The ageing population in Australia, as in other countries, will affect the country's economic and social systems. The likely of such effects are the subject of considerable conjecture, commentary, research and analysis. In the health sector, contributions to the debate are found in the literature and in the proceedings of national workshops, one of the most recent being held in March 1999. Researchers have adopted a variety of approaches to project part or all of future health and aged care costs.
This paper focuses on projecting acute care hospital costs for public and private patients, and government expenditure on benefits paid for Medical Benefits Schedule (MBS) items and Pharmaceutical Benefits Schedule (PBS) items. Although accounting for a considerable proportion of total health outlays, these components of costs do not cover all such costs: for example they do not include out-of-pocket payments to cover the ‘gaps’ between what doctors charge and what government subsides cover for medical procedures. Although no consensus on the magnitude of the effect of the ageing population on health costs has emerged, there is growing evidence to suggest that the problem is not as large as some commentators have suggested.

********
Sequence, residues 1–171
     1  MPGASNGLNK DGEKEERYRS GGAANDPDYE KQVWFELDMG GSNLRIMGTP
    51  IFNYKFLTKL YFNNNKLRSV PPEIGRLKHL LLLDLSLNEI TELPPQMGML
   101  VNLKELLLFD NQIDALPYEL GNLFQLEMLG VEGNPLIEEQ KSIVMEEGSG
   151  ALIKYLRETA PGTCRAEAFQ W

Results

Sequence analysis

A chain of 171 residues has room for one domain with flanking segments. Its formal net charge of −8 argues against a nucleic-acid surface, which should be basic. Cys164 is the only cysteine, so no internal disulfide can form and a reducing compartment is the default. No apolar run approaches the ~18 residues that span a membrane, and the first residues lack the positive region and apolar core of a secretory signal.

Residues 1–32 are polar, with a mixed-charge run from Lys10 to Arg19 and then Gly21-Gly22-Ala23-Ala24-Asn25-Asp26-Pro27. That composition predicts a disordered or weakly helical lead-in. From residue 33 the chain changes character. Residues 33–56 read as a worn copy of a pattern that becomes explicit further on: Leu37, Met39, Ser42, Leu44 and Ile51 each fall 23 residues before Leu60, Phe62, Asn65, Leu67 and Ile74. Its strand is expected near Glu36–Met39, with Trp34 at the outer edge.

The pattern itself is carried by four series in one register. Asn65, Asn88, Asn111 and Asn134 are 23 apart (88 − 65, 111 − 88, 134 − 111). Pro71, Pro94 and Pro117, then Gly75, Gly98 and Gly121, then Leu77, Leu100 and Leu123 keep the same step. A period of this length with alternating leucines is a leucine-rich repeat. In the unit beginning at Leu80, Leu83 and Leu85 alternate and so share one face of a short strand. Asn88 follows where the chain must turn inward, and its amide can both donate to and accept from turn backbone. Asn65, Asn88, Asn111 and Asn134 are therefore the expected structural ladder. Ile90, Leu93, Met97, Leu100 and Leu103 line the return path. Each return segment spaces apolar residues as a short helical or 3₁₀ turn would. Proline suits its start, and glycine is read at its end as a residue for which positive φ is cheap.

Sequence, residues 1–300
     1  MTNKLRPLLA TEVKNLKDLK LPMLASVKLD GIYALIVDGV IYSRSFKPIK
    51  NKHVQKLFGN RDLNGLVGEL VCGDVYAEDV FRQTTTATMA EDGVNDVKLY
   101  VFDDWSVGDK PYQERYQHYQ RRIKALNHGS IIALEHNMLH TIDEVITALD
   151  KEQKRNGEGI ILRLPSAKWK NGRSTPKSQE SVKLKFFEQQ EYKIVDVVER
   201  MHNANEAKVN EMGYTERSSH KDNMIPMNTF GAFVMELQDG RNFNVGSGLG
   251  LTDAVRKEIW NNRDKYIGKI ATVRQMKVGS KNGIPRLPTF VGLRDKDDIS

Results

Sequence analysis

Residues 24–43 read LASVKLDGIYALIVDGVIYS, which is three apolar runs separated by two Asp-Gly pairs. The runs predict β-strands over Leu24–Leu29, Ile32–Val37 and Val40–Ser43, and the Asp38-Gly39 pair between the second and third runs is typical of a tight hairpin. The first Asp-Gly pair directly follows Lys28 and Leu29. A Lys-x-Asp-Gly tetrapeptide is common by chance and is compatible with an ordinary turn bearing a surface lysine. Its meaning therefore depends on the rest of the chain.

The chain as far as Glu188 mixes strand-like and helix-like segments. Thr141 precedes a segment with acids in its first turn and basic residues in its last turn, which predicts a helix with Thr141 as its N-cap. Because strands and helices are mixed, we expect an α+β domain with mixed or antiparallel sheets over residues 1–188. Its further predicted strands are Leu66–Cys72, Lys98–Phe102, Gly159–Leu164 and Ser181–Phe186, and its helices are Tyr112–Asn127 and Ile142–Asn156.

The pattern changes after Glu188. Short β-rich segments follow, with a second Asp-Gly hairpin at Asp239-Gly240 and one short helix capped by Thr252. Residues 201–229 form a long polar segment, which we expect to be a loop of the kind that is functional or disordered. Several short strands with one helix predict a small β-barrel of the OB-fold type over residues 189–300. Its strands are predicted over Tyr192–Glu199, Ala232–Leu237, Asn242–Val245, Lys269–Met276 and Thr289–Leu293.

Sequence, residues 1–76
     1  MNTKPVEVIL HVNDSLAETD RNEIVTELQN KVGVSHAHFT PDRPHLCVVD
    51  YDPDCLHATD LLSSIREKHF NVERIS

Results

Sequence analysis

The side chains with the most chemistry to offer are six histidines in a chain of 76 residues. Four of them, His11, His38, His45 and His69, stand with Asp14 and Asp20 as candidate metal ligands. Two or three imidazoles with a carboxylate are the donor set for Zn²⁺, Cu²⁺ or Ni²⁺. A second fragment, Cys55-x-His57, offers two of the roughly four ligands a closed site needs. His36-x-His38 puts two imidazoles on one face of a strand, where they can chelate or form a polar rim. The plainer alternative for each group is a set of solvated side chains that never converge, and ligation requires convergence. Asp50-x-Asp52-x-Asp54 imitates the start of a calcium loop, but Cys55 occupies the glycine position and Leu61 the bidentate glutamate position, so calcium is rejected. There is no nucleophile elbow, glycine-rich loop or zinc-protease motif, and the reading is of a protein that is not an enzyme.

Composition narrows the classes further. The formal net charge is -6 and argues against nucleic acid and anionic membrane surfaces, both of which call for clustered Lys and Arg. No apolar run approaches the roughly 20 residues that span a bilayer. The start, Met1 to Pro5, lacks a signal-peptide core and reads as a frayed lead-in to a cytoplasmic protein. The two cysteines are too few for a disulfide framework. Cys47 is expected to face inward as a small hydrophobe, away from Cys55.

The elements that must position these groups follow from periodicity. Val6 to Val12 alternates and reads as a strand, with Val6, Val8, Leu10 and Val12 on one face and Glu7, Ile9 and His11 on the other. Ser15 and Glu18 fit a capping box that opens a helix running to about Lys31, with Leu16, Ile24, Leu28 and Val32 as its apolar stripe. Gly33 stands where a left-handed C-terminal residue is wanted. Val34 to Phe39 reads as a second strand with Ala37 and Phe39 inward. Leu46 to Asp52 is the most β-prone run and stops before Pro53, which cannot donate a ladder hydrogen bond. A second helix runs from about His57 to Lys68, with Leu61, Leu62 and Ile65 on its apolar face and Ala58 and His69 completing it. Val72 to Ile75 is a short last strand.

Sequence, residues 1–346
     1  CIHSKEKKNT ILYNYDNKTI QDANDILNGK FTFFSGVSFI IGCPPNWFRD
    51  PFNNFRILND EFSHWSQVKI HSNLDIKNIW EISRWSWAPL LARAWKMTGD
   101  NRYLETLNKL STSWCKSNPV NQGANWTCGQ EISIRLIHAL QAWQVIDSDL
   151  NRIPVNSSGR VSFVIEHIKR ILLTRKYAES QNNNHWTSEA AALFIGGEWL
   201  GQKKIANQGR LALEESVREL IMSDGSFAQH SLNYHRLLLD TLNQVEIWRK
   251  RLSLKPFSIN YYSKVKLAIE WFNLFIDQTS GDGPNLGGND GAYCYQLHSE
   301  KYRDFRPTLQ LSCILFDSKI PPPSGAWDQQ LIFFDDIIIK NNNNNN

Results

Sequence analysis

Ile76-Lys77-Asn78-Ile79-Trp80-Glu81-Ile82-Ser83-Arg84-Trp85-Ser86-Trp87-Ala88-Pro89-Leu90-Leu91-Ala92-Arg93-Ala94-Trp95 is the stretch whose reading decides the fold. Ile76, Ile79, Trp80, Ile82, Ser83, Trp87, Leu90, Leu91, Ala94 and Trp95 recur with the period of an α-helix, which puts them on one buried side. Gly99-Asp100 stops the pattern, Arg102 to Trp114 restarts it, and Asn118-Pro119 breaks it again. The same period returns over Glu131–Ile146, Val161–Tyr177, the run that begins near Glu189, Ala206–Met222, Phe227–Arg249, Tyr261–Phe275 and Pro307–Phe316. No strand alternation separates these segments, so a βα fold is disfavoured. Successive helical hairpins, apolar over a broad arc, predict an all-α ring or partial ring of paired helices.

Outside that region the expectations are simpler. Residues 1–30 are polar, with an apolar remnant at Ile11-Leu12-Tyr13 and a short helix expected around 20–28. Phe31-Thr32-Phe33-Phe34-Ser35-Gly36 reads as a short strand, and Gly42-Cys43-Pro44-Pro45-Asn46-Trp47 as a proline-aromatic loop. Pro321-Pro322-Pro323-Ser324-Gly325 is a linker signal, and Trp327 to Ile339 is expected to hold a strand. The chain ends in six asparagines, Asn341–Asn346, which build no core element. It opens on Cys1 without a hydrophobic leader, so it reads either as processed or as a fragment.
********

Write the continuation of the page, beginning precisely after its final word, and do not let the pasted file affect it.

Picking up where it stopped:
This paper leans towards the optimistic end of the spread of opinion in that it argues that, although the progressive ageing of the Australian population will present significant challenges for policy makers, the problem should be manageable to the extent that today’s cost are good guide to those that will apply over the long term (in real terms), and that the Australian economy continues to grow (on average) over the long run at rates that is has over the last ten-to-fifteen years. Australia’s Medical Benefits Schedule (MBS), Pharmaceutical Benefits Scheme (PBS) and Hospital Morbidity Data (HMD) administrative data collections provide cost information on health care consumption by residents. Using 1996 data for Western Australia, this study projects health care expenditures (excluding co-payments) for the Australian population out to the year 2051 based on projections of the Australian population generated using similar methodology to that developed by the Australian Bureau of Statistics (ABS) to produce its population projections.